Why is it so important to establish theory of depression and of any mental illness? Quite apart from reducing the misery and premature mortality improving the effectiveness and efficiency off intervention must be paramount.

Present funding for the mentally ill is woefully inadequate competing with resources for neonatal care, surgery, and cancer, the recognized life threatening disorders. The move from cure to care downgrades treatment provision for all disorders but most particularly mental illness, resulting in systemic inadequacies resulting;

a. Insufficient time available for initial assessment.

b. Insufficient contribution from the patients themselves.

c. Blanket approaches to treatment.

d. Lack of and diffusion of accountability from service providers diminution of the responsibility of the doctor in charge.

The serious stigma associated with mental illness does nothing but demean the status of the mentally ill, and can only further hamper recovery. The different frame of reference from that of a patient with a physical illness is evident. It is not unusual for patients to ask: can I, am I, shall I go mad? To test my hypotheses, which was that depression is part of a Self – destructive trait; systematic in character I did the following; I designed a questionnaire, which I called the Self Defeating Quotient.

Methods

Self-Defeating Questionnaire

The Self Defeating Questionnaire (SDQ) was developed by the author for the purposes of the present investigation. Items for the SDQ were piloted with patients who were undergoing treatment for depression, and were revised in consultation with treating psychiatrists. The SDQ consists of 33 statements describing elements of the respondents’ behaviour and feelings, and is administered in two parallel forms: one describing the extent to which the statement describes the actual behaviour or feelings of the respondent (the Now form), and the other indicating the ideal level of each item (the Ideal form). The response scale used was a 10mm line, which represented a continuum of response. Illustratively, the Control item asks participants to indicate how much control they have over “things that made them feel optimistic and content.” Participants responded to this item by indicating whether they had Total Control or No Control (Appendix A shows the full set of SDQ Now and Ideal items).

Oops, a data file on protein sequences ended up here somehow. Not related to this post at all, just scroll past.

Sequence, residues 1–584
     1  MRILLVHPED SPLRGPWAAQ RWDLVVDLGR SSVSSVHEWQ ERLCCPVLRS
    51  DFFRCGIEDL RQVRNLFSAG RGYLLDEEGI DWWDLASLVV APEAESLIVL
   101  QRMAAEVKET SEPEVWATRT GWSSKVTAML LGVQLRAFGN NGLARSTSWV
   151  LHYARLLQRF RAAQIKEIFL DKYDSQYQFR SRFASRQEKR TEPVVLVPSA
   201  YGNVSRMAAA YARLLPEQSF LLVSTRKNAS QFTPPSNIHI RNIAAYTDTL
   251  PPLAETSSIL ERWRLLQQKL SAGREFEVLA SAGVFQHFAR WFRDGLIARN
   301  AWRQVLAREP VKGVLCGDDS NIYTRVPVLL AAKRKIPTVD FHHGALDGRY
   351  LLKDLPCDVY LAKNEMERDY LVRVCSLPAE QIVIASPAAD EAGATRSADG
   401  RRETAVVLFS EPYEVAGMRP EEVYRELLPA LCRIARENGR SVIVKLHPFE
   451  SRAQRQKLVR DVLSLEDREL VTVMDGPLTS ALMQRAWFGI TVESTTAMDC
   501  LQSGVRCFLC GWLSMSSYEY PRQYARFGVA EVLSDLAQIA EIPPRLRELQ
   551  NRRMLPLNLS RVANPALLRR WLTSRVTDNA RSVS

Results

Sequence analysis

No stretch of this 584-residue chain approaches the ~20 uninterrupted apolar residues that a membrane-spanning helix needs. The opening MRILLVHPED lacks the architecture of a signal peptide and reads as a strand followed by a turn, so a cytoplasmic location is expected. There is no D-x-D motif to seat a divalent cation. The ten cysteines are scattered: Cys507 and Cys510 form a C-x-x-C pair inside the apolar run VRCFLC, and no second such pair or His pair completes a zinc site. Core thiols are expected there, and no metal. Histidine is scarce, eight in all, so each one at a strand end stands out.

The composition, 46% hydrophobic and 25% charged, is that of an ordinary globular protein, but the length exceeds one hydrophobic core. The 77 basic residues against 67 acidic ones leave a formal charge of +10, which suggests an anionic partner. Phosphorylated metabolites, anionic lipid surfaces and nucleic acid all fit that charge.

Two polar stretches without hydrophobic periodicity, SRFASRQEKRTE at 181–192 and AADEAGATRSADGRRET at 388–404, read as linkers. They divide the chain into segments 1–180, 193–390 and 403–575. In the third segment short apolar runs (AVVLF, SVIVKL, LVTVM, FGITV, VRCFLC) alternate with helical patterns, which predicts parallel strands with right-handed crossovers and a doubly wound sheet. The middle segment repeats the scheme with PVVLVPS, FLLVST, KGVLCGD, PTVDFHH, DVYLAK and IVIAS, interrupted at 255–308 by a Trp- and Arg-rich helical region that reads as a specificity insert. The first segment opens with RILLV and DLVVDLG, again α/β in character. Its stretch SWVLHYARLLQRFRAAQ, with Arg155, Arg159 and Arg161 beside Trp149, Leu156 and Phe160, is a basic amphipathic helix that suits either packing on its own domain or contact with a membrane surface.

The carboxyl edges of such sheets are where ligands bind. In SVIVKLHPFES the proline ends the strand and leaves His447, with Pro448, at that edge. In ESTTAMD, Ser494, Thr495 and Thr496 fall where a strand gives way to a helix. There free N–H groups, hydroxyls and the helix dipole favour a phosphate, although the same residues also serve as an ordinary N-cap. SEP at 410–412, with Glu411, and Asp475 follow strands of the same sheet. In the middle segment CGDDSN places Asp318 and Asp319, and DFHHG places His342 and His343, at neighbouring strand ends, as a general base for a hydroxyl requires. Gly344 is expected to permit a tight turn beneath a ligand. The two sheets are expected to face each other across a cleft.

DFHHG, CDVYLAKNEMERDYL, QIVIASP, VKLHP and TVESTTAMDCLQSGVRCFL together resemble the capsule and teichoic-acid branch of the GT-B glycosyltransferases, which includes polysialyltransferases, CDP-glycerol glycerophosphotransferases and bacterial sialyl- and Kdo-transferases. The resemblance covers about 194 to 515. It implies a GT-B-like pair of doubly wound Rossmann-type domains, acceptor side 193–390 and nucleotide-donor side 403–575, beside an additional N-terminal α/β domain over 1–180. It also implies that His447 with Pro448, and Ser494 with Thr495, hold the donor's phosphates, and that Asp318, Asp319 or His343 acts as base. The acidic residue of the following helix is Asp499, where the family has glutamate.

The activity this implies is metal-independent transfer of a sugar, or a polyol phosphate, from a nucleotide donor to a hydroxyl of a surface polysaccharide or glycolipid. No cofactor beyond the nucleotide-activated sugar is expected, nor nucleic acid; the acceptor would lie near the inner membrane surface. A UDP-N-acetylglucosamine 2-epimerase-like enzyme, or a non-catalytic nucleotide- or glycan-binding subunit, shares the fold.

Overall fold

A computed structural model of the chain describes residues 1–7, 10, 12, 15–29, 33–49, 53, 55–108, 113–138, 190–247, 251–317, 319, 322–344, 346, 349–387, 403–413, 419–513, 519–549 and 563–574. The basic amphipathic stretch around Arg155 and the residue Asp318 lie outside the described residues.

Subjects were asked to mark their response to each item on the line. Responses were coded from 0 to 100. At the one extreme, the preferential state or behaviour was represented by a score of 0, while a negative response was indicated by a score of 100. The SDQ Now Total is scored by computing the average SDQ Now rating items. The SDQ Ideal Total score is computed as the average Ideal rating of the items. The SDQ Total Discrepancy score is computed by subtracting the Ideal score from the Now score. Higher discrepancy scores indicate a greater difference between ideal and perceived behaviours and feelings, and are interpreted as an indicator of increased risk for self-harm. The factor structure of the SDQ will be examined in the present investigation.

Sample